- Hershey said it is advancing efforts to reduce and reformulate packaging, but noted in its 2022 ESG report released last week that it faces ongoing challenges with recyclability and incorporating recycled content. Packaging in North America that is post-consumer recycled material totaled 32% in 2022, up from 31% in 2021 and 22% in 2020.
- The Pennsylvania-based chocolate and cocoa products company said it’s currently “hindered by an insufficient reliable supply of food grade material due to limitations in infrastructure, reclaim, sorting and processing.” It also said that as infrastructure evolves, “we will consider the best target-setting and reporting approach.”
- Hershey is aiming for all of its plastic packaging to be recyclable, reusable or compostable by 2030. Its rate in 2022 among North American-made products was 17%. After eliminating 25 million pounds of packaging by 2020, which Hershey said was five years ahead of schedule, it’s now working to eliminate an additional 25 million pounds of packaging by 2030, a target it embarked on in 2021, with 2022 progress at 13.7 million pounds.
Going forward, Hershey says it’s focusing on eliminating certain “non-value added” materials, improving circularity via design, and enhancing transparent and educational labeling.
Peers in the candy, mint and gum space have similar endeavors to make their packaging more sustainable. Category leader Mars, for example, last year worked with Berry Global to launch candy jars for bulk M&M, Starburst and Skittles products formulated with 15% recycled plastic.
Such rigid containers are also where Hershey has been able to achieve some recyclability. The 17% of Hershey’s plastic packaging from North American-made products that the company considers recyclable are syrup bottles and caps, as well as other PET jars and pails. Hershey touts its redesigned chocolate syrup multipack carriers made from 100% postconsumer recycled content. As for reducing hard-to-recycle materials, Hershey said it is “near completion to eliminating hard-to-recycle PVC” from its global packaging portfolio.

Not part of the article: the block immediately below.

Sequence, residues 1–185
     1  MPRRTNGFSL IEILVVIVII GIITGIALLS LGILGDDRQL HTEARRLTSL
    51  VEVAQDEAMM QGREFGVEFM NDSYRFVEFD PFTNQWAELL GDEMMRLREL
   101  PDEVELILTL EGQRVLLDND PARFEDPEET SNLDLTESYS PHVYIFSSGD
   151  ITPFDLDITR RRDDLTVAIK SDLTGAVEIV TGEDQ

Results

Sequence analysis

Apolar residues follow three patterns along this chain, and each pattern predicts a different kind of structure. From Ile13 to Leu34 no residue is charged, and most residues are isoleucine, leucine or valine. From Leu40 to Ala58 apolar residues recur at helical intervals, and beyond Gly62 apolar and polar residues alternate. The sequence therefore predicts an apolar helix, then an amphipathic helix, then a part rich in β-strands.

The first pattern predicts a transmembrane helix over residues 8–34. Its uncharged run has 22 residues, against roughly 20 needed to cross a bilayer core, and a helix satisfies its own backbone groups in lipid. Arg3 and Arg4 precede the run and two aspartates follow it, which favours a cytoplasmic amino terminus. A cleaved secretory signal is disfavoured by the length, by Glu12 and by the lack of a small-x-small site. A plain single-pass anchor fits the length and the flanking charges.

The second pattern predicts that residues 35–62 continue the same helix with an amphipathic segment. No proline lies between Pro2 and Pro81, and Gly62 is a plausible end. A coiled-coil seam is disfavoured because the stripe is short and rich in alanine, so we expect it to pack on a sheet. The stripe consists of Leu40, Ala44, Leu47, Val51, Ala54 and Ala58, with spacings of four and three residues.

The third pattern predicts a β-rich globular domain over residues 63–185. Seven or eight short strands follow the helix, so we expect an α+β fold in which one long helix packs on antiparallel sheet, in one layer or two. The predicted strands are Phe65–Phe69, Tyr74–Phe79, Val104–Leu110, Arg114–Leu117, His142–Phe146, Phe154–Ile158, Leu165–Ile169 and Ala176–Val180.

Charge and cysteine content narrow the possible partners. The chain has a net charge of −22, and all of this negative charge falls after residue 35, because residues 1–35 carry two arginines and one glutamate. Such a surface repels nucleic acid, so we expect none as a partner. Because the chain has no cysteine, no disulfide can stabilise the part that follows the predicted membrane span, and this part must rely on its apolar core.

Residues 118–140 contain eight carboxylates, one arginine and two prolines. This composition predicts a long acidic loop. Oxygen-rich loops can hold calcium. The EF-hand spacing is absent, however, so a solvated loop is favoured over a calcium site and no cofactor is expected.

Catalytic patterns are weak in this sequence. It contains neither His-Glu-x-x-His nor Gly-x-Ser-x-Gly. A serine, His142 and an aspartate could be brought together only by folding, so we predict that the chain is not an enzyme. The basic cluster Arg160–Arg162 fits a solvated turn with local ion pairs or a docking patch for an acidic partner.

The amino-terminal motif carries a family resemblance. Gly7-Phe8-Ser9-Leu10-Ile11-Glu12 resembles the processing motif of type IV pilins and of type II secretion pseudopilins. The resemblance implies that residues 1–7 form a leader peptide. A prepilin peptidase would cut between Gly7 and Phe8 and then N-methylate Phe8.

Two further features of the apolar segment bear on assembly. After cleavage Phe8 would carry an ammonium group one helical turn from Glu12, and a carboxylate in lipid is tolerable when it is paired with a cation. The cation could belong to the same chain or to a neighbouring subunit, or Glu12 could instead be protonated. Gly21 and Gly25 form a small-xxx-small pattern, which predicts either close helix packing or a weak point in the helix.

Still, when it comes to candy, flexible wrappers are ubiquitous. Mars has tried paper wrappers for candy bars in Australia and, as of this week, in the U.K. Mondelēz International has incorporated 30% recycled plastic in packaging for certain Cadbury products; Amcor supplies the packaging. Like Hershey, Mondelēz said securing sufficient volumes of food-grade recycled plastic packaging “was a challenge involving significant resources and collaboration with many external suppliers throughout the value chain,” per its latest ESG report, also released in May.
As part of its efforts to improve recycling, Hershey says that over the next several years it’s making “significant investments to qualify and convert over 2,000 items across all of our manufacturing facilities to new packaging with updated labeling that will educate consumers on its recyclable components.”
Packaging contributes to 11% of Hershey’s Scope 3 emissions. The company says that eliminating unnecessary packaging and increasing the proportion of sustainable materials are important factors in reducing Scope 3 emissions. Hershey is targeting a 25% absolute reduction in Scope 3 emissions by 2030 from a 2018 baseline; it was at 10% in 2022. It’s also trying to improve distribution efficiency and decrease the number of trucks on the road, thereby reducing secondary and transport packaging. Hershey is closer to achieving its Scope 1 and 2 emissions reduction goal, at 41% progress on a 50% reduction goal by 2030 from a 2018 baseline.
Hershey lists pulp and paper packaging as a “priority ingredient.” The company says that as of 2020, all of its pulp and paper sourced for products in U.S. and Canada operations come from recycled material or certified mills. It’s working to extend that globally by 2025.